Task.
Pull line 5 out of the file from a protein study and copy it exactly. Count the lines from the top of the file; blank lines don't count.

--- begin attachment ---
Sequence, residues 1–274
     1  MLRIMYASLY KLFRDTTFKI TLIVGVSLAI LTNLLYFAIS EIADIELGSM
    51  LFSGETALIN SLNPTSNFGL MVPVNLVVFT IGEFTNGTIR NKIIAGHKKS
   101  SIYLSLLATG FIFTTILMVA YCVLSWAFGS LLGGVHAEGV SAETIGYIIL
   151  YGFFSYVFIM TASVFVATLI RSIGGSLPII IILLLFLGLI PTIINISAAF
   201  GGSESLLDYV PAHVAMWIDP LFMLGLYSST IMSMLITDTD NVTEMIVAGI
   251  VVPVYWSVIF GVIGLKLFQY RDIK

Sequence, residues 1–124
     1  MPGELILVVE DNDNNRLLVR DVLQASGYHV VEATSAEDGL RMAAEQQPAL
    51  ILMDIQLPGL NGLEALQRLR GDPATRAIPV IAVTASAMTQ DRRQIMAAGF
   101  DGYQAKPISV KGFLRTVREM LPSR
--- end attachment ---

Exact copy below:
   151  YGFFSYVFIM TASVFVATLI RSIGGSLPII IILLLFLGLI PTIINISAAF